"Little Jack Horner
" is a popular English language
English is a West Germanic language that arose in the Anglo-Saxon kingdoms of England and spread into what was to become south-east Scotland under the influence of the Anglian medieval kingdom of Northumbria...
The term nursery rhyme is used for "traditional" poems for young children in Britain and many other countries, but usage only dates from the 19th century and in North America the older ‘Mother Goose Rhymes’ is still often used.-Lullabies:...
. It has the Roud Folk Song Index
The Roud Folk Song Index is a database of 300,000 references to over 21,600 songs that have been collected from oral tradition in the English language from all over the world...
number of 13027.
The most common modern lyrics are:
Little Jack Horner
Sat in the corner,
Eating a Christmas pie;
He put in his thumb,
And pulled out a plum,
And said 'What a good boy am I!'
Origins and meaning
In the chapbook
A chapbook is a pocket-sized booklet. The term chap-book was formalized by bibliophiles of the 19th century, as a variety of ephemera , popular or folk literature. It includes many kinds of printed material such as pamphlets, political and religious tracts, nursery rhymes, poetry, folk tales,...
The History of Jack Horner, Containing the Witty Pranks he play'd, from his Youth to his Riper Years, Being pleasant for Winter Evenings
(1764), there is a mangled version of the nursery rhyme. However, it has been observed that the story is based on the much earlier tale of The Fryer and the Boy
, and that this insertion is merely to justify the use of Jack Horner's name.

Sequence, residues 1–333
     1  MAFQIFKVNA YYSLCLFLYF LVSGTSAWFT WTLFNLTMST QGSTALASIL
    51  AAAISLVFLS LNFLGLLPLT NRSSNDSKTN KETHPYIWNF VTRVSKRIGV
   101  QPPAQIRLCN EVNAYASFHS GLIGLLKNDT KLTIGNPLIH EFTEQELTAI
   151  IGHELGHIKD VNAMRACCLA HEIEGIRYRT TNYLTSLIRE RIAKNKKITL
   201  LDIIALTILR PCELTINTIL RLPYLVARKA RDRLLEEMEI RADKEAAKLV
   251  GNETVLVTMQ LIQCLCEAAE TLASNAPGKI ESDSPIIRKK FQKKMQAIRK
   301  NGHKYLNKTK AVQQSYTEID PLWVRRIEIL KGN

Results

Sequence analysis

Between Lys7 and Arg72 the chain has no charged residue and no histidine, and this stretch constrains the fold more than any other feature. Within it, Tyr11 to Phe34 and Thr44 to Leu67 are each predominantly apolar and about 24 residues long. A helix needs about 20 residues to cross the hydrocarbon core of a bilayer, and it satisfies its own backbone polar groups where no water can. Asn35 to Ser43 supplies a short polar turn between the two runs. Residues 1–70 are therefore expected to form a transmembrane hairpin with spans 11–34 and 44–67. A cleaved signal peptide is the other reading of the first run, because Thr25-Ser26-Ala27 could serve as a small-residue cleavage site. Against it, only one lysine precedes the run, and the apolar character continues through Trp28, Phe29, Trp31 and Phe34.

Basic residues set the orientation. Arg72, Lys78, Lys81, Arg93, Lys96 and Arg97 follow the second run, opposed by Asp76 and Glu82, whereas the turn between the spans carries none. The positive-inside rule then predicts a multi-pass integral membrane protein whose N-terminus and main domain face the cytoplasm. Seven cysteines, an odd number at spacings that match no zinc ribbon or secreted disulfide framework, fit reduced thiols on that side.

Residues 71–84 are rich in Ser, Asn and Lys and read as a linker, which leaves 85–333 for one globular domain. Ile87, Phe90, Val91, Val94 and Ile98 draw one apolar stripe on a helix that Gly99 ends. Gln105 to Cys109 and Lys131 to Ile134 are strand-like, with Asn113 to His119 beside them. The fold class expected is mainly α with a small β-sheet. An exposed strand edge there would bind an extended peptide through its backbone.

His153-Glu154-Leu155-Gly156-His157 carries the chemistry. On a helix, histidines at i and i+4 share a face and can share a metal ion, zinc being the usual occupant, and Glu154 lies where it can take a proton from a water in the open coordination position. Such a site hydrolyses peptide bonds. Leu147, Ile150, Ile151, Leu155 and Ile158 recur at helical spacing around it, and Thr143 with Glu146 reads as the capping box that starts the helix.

The earliest reference to the well-known verse is in Namby Pamby
, a ballad by Henry Carey
Henry Carey was an English poet, dramatist and song-writer. He is remembered as an anti-Walpolean satirist and also as a patriot. Several of his melodies continue to be sung today, and he was widely praised in the generation after his death...
published in 1725, in which he himself italicised the original:
- Now he sings of Jacky Horner
- Sitting in the Chimney-corner
- Eating of a Christmas-Pie,
- Putting in his thumb, Oh Fie
- Putting in, Oh Fie! his Thumb
- Pulling out, Oh Strange! a Plum.
This has been taken to suggest that the rhyme was well known by the early eighteenth century. Carey's poem is a satire on fellow writer Ambrose Philips
-Life:He was born in Shropshire of a Leicestershire family. He was educated at Shrewsbury School and St John's College, Cambridge, of which he became a fellow in 1699. He seems to have lived chiefly at Cambridge until he resigned his fellowship in 1708, and his pastorals were probably written in...
, who had written infantile poems for the young children of his aristocratic patrons. Although several other nursery rhymes are mentioned there, the one about Little Jack Horner has been associated with acts of opportunism ever since. Just six years later it figured in another satirical work, Henry Fielding
Henry Fielding was an English novelist and dramatist known for his rich earthy humour and satirical prowess, and as the author of the novel Tom Jones....
's The Grub Street Opera
The Grub-Street Opera is a play by Henry Fielding that originated as an expanded version of his play, The Welsh Opera. It was never put on for an audience and is Fielding's single print-only play. As in The Welsh Opera, the author of the play is identified as Scriblerus Secundus. Secundus also...
(1731). This had the prime minister Robert Walpole
Robert Walpole, 1st Earl of Orford, KG, KB, PC , known before 1742 as Sir Robert Walpole, was a British statesman who is generally regarded as having been the first Prime Minister of Great Britain....
as its target and ends with all the characters processing off the stage 'to the music of Little Jack Horner'.